UPSP Fails to Accommodate Nursing Mothers

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Several employees of the United States Postal Service (USPS) are pressing charges against the organization, claiming a lack of adequate rest intervals and private, safe, and sanitary facilities where they could express breast milk.


The PUMP Act was enacted by Congress to mandate employers to accommodate reasonable break times and a safe, private (non-bathroom) area for employees to pump breast milk.


Some employees were compelled by USPS to pump in the back of their non-air-conditioned trucks.


The United States Postal Service Accused of Neglecting Lactating Mothers, Reports a Complaint Lodged by Siri & Glimstad Under the PUMP Act.


The allegation insists that the USPS has consistently failed to provide its maternal mail delivery employees with the necessary breaks and spaces to pump. A few instances include:


One USPS worker was expelled from the facility after asking for a pumping break, met with verbal abuse and the threat of police intervention. She also faced a potential seven-day suspension for stating that she would be unavailable to operate machinery due to her pumping schedule.


Certain employees were made to pump in the back of their non-air-conditioned delivery trucks under unsanitary conditions, parked in public areas with the door slightly open to prevent overheating. On requesting an alternative location, the supervisor of one of these employees suggested she could use a locker room surrounded by other employees or a bathroom stall.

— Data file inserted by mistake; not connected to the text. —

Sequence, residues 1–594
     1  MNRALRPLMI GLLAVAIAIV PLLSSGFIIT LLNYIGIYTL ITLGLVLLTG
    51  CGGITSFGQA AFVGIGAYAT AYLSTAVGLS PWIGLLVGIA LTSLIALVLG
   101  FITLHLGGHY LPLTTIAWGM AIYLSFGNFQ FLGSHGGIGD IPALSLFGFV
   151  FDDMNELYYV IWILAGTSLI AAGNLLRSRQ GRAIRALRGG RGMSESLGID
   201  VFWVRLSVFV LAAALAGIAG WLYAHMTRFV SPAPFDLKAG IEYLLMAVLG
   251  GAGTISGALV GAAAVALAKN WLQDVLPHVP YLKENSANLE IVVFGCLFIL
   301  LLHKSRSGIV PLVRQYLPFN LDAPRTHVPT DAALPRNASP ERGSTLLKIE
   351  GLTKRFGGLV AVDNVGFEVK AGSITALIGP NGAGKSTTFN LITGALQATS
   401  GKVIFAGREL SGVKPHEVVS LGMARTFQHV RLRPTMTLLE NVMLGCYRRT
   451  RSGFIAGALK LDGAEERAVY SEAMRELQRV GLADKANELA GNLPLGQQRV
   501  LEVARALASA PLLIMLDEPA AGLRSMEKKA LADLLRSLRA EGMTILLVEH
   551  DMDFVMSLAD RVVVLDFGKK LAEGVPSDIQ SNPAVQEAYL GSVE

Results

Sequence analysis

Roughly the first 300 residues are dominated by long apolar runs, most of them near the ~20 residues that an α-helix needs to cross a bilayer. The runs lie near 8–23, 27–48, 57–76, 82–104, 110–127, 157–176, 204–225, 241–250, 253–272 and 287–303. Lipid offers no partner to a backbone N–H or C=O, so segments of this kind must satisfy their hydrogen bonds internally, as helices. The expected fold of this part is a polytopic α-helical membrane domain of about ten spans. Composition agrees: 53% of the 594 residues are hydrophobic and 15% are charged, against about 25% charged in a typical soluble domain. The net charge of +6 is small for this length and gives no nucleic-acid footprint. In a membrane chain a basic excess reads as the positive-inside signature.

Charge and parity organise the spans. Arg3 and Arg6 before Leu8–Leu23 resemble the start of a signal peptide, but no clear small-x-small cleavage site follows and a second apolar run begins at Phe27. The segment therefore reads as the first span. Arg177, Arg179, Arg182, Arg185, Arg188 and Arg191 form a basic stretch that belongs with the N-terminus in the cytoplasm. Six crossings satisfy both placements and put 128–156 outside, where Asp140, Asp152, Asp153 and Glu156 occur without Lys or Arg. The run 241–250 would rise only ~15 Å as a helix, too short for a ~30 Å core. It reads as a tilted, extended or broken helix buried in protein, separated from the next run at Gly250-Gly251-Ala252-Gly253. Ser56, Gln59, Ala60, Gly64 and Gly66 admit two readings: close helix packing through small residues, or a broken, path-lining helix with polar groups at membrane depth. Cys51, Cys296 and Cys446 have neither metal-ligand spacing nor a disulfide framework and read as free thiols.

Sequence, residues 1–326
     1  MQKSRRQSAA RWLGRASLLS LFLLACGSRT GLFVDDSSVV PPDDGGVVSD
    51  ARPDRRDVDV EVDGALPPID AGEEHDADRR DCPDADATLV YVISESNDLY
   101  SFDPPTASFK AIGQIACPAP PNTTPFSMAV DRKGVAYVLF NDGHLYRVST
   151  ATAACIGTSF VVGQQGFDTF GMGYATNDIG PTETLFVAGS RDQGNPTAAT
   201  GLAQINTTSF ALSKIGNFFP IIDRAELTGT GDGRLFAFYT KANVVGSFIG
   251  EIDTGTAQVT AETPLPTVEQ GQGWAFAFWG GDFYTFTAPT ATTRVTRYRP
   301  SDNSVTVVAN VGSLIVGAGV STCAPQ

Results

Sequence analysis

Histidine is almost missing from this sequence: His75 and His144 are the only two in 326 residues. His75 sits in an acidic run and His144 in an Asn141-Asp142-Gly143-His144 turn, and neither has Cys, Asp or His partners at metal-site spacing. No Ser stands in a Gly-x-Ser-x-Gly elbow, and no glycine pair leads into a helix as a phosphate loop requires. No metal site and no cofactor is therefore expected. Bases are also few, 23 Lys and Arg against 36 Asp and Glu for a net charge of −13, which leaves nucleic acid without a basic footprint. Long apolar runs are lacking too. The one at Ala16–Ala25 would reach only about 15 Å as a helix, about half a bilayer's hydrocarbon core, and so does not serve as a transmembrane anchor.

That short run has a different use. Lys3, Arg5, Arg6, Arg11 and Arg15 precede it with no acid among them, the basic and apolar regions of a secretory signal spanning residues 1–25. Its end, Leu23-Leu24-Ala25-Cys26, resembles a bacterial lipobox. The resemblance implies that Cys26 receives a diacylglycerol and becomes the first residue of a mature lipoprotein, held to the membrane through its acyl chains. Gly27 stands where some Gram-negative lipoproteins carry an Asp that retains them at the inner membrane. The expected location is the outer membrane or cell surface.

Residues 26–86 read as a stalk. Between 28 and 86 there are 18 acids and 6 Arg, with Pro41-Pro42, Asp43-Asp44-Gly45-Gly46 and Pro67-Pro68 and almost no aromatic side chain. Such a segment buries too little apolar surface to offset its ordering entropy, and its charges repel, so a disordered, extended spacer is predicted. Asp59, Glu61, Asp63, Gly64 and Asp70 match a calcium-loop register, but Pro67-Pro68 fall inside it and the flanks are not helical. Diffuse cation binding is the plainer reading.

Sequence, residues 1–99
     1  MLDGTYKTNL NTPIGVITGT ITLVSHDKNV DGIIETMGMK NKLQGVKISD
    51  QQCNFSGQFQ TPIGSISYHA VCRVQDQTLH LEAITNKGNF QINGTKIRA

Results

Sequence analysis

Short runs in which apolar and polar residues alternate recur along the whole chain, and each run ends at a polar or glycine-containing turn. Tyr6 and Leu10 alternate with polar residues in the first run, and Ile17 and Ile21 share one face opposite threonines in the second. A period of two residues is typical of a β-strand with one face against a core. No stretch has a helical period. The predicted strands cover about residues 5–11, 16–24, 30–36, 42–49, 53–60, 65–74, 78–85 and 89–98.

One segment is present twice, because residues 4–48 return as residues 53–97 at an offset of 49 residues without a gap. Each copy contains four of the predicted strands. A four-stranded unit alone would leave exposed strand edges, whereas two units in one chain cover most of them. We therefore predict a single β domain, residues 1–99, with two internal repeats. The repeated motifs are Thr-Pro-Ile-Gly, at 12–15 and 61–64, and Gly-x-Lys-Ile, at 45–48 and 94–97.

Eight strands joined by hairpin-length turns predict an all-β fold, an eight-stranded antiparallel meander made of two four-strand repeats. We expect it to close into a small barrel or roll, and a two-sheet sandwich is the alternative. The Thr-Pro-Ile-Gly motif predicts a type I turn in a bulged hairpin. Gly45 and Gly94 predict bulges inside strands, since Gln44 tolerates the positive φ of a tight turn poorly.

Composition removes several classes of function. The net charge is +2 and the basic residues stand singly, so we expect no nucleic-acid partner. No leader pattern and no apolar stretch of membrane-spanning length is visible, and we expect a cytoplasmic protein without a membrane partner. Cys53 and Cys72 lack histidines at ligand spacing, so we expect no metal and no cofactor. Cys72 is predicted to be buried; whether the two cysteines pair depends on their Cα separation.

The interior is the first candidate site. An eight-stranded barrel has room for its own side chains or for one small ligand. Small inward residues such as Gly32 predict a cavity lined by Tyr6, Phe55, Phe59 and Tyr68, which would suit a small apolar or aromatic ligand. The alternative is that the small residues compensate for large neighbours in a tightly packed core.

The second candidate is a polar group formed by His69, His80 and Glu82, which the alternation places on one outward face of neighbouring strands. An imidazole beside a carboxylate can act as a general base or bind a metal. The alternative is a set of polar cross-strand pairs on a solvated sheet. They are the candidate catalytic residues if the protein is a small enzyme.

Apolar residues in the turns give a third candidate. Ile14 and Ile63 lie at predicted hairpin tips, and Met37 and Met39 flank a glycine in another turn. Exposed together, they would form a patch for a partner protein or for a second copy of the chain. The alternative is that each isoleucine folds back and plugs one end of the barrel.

Another worker was only allowed to pump in a communal locker room every morning, where she was subject to uncomfortable stares and remarks. Her supervisor rejected her request to hang a privacy sheet or use an available office for pumping.


In a separate case, a supervisor demanded a doctor’s note from an employee to extend her pumping time beyond 15 minutes without repercussions.


Aaron Siri from Siri & Glimstad, LLP, one of the attorneys representing the employees, stated, “The PUMP Act was introduced by Congress to ensure American businesses respect the rights and requirements of lactating employees. USPS has a duty to adhere to this law, and we are optimistic that the court will rule in favor of the mothers who have been mistreated by USPS.”


The lawsuit filed against the United States Postal Service (USPS) for alleged violation of the PUMP Act can result in several potential outcomes, depending on how the court evaluates the evidence and interprets the law:


1. Dismissal: The court may find the lawsuit lacks merit or sufficient evidence to proceed. In such a case, the lawsuit would be dismissed, which means no changes would be made, and the USPS wouldn’t face any penalties.


2. Settlement: The USPS might decide to settle the lawsuit out of court. In a settlement, the USPS could agree to make changes to their policies and/or pay a certain amount of money to the plaintiffs without admitting guilt. Settlements often include confidentiality clauses.


3. Judgement in favor of the Plaintiffs: If the court finds USPS guilty of violating the PUMP Act, it could order USPS to modify its policies to be more accommodating to breastfeeding employees. This could also include providing appropriate facilities for pumping and adhering to the required break times. In addition, the USPS could be ordered to pay damages to the employees who filed the lawsuit.


4. Judgement in favor of the USPS: The court may also rule in favor of USPS if it finds that the organization didn’t violate the PUMP Act or if the evidence presented by the plaintiffs was not sufficient to prove a violation.


It’s important to note that even after a judgment, there’s often the potential for an appeal, which could alter the final outcome.


As the case unfolds, the implications will not only impact the USPS and its employees but also potentially set a precedent for how the PUMP Act is applied and enforced across other workplaces in the country.


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